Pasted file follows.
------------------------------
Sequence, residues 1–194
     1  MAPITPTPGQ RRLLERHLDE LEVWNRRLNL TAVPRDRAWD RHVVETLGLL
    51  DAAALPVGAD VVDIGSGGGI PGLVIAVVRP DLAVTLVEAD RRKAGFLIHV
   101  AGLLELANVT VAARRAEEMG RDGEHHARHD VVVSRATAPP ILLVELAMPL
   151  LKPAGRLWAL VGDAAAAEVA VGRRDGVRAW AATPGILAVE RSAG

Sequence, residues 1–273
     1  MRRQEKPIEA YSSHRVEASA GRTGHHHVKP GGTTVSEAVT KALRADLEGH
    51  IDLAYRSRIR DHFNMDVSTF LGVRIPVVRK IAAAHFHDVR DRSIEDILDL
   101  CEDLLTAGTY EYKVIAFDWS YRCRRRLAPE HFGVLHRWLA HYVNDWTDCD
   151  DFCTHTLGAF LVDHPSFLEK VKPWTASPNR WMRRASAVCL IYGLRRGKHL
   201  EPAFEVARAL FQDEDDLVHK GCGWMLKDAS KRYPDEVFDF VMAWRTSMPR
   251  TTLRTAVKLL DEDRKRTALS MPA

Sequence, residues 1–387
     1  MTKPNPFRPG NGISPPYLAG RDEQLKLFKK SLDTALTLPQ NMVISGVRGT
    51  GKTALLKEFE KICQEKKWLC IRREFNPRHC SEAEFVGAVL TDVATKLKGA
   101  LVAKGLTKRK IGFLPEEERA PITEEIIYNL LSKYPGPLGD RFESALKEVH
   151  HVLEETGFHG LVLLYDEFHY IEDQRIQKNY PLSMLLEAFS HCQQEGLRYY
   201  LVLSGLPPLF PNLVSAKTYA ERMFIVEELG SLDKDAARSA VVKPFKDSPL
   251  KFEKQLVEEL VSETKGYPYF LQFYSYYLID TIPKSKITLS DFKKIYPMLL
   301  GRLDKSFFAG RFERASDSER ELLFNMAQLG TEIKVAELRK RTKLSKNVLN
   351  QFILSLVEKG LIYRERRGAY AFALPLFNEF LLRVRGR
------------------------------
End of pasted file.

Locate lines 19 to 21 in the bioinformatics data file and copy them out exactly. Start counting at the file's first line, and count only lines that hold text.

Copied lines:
   251  KFEKQLVEEL VSETKGYPYF LQFYSYYLID TIPKSKITLS DFKKIYPMLL
   301  GRLDKSFFAG RFERASDSER ELLFNMAQLG TEIKVAELRK RTKLSKNVLN
   351  QFILSLVEKG LIYRERRGAY AFALPLFNEF LLRVRGR